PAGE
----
At the top and tail of the second day in Hobart, England did okay. They took four wickets for 62 to end Australia’s first innings on 303, then picked up the top three for 37 in the second. That’s seven for 99.
In those periods, despite Nathan Lyon launching three stunning sixes, there were some good moments for England. Mark Wood picked up three wickets, all with short balls, and one particularly stunning one as Usman Khawaja was bounced out by a brute.
David Warner was dismissed for a pair, his second in seven Ashes Tests, and the 14th time Stuart Broad has got him out. Marnus Labuschagne’s quiet patch of form extended to six innings when Chris Woakes had him caught down the legside. Sam Billings took a couple of fine catches to open his Test account.
The trouble is what happened in between, and England ended day two 152 runs behind, and with little hope of escaping Hobart with the scoreline reading anything but 4-0; or, put another way, one wicket from a whitewash. England had been bowled out for 188 in their first innings, continuing the sorry run of batting form that has seen them fail to reach 300 throughout the southern summer.
It says plenty that, while 188 is an objectively dismal score, it is actually sits bang in the middle of England’s first innings efforts this series, ahead of 147 in Brisbane and 185 in Melbourne. On those occasions, the pitch and the weather made batting hard yakka. It should not have been this time.
This was another desperate batting display in blameless conditions. England started with their new opening pair combining for one of those rare run outs where both batters are at fault, and ended with no man having reached 40, no partnership having reached 50. There was a middle order collapse of three for seven from 21 balls, while the last three went down in just nine sorry deliveries.
There were some dreadful dismissals. Ben Stokes just fired the ball to point for the second time in the series. Ollie Pope fiddled outside off-stump, again. Dawid Malan and Woakes both tamely edged down the legside when set. Billings, having played with spirit on debut, got his hook shot wrong and was caught on the fence.
The worst, in so many ways, was the first. After cycling around with Dom Sibley, Haseeb Hameed and Joe Denly in recent years, this was Rory Burns and Zak Crawley’s first go as England’s opening pair. There is reason to believe – although operating at a low bar – that they might be the best option they have.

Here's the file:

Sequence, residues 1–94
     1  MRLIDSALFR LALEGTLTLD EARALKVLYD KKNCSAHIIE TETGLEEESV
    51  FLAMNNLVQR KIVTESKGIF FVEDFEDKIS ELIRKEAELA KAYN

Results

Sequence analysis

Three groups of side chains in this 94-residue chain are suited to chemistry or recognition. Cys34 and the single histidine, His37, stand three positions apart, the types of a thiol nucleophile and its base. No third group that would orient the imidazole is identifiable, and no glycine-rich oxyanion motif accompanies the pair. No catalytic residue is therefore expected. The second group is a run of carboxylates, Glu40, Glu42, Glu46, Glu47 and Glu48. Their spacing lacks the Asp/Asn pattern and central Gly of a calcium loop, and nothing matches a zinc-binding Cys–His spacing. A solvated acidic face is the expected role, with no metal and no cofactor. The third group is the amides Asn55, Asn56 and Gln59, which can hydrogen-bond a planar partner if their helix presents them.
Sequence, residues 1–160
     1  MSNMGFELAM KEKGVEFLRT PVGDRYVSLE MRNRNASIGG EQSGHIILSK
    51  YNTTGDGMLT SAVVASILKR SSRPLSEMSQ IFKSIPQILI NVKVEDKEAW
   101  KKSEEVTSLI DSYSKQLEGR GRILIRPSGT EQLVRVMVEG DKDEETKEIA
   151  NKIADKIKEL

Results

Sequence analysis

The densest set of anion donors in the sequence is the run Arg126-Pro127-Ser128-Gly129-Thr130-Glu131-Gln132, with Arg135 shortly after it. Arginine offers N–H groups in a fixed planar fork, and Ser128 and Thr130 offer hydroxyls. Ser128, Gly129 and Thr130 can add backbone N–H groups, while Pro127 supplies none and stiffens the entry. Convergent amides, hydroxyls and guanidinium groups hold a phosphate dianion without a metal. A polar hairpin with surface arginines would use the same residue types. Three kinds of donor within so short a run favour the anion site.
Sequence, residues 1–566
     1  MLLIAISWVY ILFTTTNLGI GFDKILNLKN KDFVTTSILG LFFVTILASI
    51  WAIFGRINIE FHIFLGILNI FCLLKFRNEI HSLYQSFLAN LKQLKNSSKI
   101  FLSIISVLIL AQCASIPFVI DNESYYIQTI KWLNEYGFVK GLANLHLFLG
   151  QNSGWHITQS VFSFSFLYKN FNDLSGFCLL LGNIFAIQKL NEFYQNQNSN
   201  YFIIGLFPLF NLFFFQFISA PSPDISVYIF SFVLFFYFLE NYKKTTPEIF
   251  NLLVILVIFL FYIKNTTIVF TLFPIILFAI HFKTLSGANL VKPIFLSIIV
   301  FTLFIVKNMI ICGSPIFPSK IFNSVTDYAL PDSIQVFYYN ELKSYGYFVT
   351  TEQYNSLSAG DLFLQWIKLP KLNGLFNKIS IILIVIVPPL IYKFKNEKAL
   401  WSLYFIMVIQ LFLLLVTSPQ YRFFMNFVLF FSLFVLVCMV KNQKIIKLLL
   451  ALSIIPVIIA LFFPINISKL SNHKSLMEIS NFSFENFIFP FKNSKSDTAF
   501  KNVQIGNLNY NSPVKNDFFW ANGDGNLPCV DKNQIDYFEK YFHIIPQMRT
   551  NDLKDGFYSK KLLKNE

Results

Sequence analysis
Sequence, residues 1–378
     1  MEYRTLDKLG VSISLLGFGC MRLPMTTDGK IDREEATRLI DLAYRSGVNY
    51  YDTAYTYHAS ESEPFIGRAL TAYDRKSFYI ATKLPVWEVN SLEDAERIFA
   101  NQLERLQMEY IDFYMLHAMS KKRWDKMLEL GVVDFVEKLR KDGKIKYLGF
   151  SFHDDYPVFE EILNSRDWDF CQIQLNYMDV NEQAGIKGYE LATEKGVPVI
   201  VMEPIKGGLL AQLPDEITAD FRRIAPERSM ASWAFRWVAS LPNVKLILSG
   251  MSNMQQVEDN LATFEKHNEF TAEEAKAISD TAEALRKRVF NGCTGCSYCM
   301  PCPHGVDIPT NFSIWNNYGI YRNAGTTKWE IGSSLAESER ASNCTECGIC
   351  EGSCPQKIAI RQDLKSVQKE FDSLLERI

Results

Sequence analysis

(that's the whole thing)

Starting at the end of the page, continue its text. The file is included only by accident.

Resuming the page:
It was a dreadful start. There might have been a single there but Zak Crawley set off, then hesitated, then set off again. Rory Burns was flat-footed and never terribly interested in the run; he offered no dive. That left him an inch short when Marnus Labuschagne’s throw from close range on the offside smashed into the stumps.
Burns was gone for a duck, his seventh in 12 months and eighth in 22 innings. By then, he could already have been given out. With the final ball of Mitchell Starc’s first over, Burns appeared to play and miss outside off-stump. There was half an appeal from Australia, but no response from the umpire. For Australia, there was no cost. A six-ball duck remained a six-ball duck.
Crawley flickered, playing some typically attractive strokes. But when Pat Cummins employed a short leg, his inside edge cannoned off the pad and high to Travis Head, who snaffled the catch.
In a neat throwback to the ancient days at the start of this series, it was left to Malan and Joe Root to rebuild. Root led that work, busily finding gaps. Malan had a Burns moment, edging behind on 13 when Australia offered barely an appeal and no review. With the stand worth 49, Cummins found a way through. Malan, not for the first time, was strangled, then Root fell to one that jagged back hard. Stokes’ soft dismissal to Starc was perhaps the lowest ebb. All that application through the pain in Sydney, gone.
That left Pope, recalled two games after being dropped like Burns, and Billings, on debut at the crease, both on zero. It was 85 for five, and avoiding the follow-on did not feel certain, even though just 19 were required.
With some stylish strokes, that pair averted that particular crisis, but Pope was soon gone, unable to resist a grope at Scott Boland. Next ball, Woakes was dropped badly at first slip. On five, he was shelled at first slip. That was the thing about this particular collapse: Australia bowled well, but were not at their sharpest.
Billings then Woakes found ways to get out, before a shambolic showing from the tail. Broad, another to have batted bravely in Sydney, looked as if he could not see the ball, and was bowled off the inside edge for England’s fifth duck of the year. Wood, batting with the injured Ollie Robinson (who would bowl later on), slogged until he was bowled, concluding another sorry innings.